This means that eventually, channels bringing these incoming targets using will complete their upgrade operation. Hence, old dependencies towards upgraded channels downstream will be removed. Upon these dependencies removal, channels which extended their local routing function under (i.e. ) will be able to remove the previously added dependencies both in and . Residual dependencies on channels from older routing choices not provided by are also known as ghost dependencies.

In the worst case, ghost dependencies will be removed at source channels upon their upgrade operation is completed. Hence, ghost dependencies removal will propagate downwards allowing upgraded channels to remove unnecessary dependencies both in and . The interested reader may refer to Appendix LABEL:sup:sec:from-extended-ri-to-rf-example in the supplementary material for an example.

4.7 Deadlock-free RP sufficient conditions

According to Lysne’s methodology[16] a deadlock-free reconfiguration process can be devised if the following conditions are upheld:

  1. The prevailing routing function is connected and deadlock-free at all times.

  2. During an Adding Phase, no routing choice may be added to any switch that closes a cycle of dependencies on escape resources.

  3. During a Removing Phase, no routing choice may be removed from any switch before it is known that there will be no packet needing this routing choice; either to proceed or to enter escape resources.

  4. All potential ghost dependencies are removed from the network before a transition from a Removing Phase to an Adding Phase.

We assume both the initial routing function and final routing function to be connected and deadlock-free before the RP starts ( condition). During an Adding Phase no routing choice is added such that it creates a cycle on escape resources. This is guaranteed by following the reconfiguration order explained in Section 4.3.

Routing choices added by a given channel are added towards successor channels which already completed their upgrade operation, therefore due to the reconfiguration order being the reverse topological order, paths towards sink channels are always available through . Besides, routing choices added by exploiting compatibility are added towards non predecessor channels in either (dependency removal request) or (to satisfy the step condition). Hence, no cycles can be formed during an Adding Phase ( condition).

Channels may remove routing choices when applying their step operation. In order to do that, they must fulfil the step condition, which guarantees that incoming packets will always have a routing choice alternative provided by . Routing choices removed by exploiting conformability/compatibility cannot remove dependencies such that unroutable packets arise due to the computation of a which is target conforming with respect to . Hence, during a Removing Phase it is guaranteed that packets will always have a route available towards escape resources ( condition). In the worst case scenario, selective halting would be applied, draining packets which would become unroutable otherwise before removing the corresponding dependencies.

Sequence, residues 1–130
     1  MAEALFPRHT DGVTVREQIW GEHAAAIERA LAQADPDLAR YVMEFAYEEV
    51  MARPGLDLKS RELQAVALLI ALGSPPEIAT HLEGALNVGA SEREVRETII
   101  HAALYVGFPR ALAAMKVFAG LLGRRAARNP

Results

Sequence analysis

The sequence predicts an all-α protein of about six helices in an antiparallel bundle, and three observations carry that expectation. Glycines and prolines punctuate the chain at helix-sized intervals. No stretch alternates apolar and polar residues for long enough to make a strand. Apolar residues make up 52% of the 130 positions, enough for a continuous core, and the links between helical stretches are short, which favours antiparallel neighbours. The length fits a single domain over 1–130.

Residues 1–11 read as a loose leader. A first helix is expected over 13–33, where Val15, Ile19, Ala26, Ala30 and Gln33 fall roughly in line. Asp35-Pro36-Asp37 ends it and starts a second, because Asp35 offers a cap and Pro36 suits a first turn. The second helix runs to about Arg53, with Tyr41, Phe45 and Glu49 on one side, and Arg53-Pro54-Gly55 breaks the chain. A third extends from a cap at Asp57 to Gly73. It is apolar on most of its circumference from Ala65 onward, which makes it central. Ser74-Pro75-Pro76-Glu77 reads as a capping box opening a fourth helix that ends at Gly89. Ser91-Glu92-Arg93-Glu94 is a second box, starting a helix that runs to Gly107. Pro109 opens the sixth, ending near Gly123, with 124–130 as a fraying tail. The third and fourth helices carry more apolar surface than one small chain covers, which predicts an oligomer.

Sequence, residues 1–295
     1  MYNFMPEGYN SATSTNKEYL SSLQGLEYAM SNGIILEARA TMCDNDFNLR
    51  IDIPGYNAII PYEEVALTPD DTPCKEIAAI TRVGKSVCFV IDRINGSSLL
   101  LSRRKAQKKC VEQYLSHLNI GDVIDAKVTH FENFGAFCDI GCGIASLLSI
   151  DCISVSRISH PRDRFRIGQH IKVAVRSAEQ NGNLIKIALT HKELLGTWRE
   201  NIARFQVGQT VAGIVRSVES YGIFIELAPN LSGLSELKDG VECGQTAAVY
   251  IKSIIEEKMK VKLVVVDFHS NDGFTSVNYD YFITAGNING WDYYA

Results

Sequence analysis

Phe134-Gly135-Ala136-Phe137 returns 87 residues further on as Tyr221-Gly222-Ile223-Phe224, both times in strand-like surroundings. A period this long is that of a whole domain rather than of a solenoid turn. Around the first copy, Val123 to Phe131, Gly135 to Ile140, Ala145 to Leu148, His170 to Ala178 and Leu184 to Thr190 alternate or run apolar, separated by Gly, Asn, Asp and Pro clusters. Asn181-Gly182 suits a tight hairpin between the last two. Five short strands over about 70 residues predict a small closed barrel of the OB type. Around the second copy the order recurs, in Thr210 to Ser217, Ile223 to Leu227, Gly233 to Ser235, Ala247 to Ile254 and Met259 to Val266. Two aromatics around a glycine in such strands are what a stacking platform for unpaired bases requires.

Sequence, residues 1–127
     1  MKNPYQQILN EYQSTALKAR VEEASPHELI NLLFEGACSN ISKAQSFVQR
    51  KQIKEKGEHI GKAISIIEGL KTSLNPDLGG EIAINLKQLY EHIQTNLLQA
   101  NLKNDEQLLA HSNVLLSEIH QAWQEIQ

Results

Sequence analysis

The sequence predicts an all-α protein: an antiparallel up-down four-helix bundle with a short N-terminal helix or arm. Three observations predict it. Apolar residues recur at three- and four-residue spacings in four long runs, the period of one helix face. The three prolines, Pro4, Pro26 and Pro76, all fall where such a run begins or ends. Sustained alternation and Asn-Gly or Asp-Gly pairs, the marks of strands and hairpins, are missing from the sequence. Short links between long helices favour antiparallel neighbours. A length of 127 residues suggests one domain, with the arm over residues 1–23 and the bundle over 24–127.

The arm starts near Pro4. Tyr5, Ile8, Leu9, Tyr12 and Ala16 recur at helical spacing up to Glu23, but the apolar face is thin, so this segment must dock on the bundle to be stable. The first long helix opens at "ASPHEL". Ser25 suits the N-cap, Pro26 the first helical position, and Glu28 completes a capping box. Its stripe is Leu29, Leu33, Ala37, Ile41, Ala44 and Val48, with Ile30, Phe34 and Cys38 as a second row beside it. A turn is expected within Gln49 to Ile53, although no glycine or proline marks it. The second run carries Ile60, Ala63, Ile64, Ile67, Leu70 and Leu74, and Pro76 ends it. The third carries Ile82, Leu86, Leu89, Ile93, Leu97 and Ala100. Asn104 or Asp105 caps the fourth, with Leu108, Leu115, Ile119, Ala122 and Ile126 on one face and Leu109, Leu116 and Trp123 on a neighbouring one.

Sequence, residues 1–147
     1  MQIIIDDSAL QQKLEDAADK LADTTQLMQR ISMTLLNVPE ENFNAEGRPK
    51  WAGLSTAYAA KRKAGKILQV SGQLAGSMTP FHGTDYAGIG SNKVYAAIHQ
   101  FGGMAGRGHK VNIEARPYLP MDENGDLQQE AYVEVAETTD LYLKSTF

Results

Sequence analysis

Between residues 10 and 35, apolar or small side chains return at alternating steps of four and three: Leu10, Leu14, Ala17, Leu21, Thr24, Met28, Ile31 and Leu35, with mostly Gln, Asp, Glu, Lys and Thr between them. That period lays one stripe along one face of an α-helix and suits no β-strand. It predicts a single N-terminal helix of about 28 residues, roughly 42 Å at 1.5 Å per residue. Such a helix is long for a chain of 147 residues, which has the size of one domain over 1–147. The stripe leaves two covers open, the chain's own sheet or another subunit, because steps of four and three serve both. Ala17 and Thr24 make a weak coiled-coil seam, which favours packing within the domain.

Ghost dependencies are guaranteed to be either completely removed or provisioned by exploiting compatibility through on channels which already completed their upgrade operation ( condition). Thus, keeping escape resources free from dependency cycles (ghost dependencies removed) and unroutable packets (ghost dependencies provisioned in ).

5 Evaluation

In this section, we evaluate the proposed reconfiguration scheme. The goal of this evaluation is to assess the suitability of UPR and to show that it can benefit from compatibility exploitation between two routing algorithms to reduce selective halting at sources while also reducing the need for packet drainage at channels.

In the first part, we describe the methodology, topology and routing algorithms used for the evaluation. Afterwards, we explain the metrics used to present the results and analysis.

5.1 Evaluation methodology

For our proposal evaluation we developed a sophisticated simulation tool which allowed us to represent the reconfiguration process as a concurrent computation of graph operations by multiple processes. Each process comprises operations made by a single unidirectional channel (channel for short) within the directed graph representing the network topology.

Channel dependency information is available globally for all channels. This information is stored using graph representations , , and associated to each routing function (see Section 4 for more details). These shared data structures yield a critical section and they are accessed by channels to read and/or update their dependencies information atomically. This guarantees dependency information to be updated at all times so that decisions made by channels are always based on the current state of the system.

Besides, each channel is in charge of the addition/removal of outgoing dependencies devised from its local perspective. Therefore, will only perform modifications to , involving dependencies in , . In other words, dependencies within sets and . This is consistent with Definition 2 (a.k.a. distributed routing).

5.1.1 Topology

The network is built from a mesh topology using bidirectional physical links between router nodes. Each bidirectional link is considered as two independent unidirectional channels. For simplicity, we assume a single virtual channel (i.e. no virtual channels).

5.1.2 Routing algorithms

We consider four different minimal routing algorithms: non-adaptive algorithms xy and yx, and the partially adaptive algorithms odd-even[19] and negative-first[20]. Routing algorithms xy and yx lack of any degree of adaptiveness, providing a single route per source-destination pair. On the other hand, odd-even (oe) and negative-first (nf) may provide multiple routes for each source-destination pair and a reasonable degree of adaptiveness.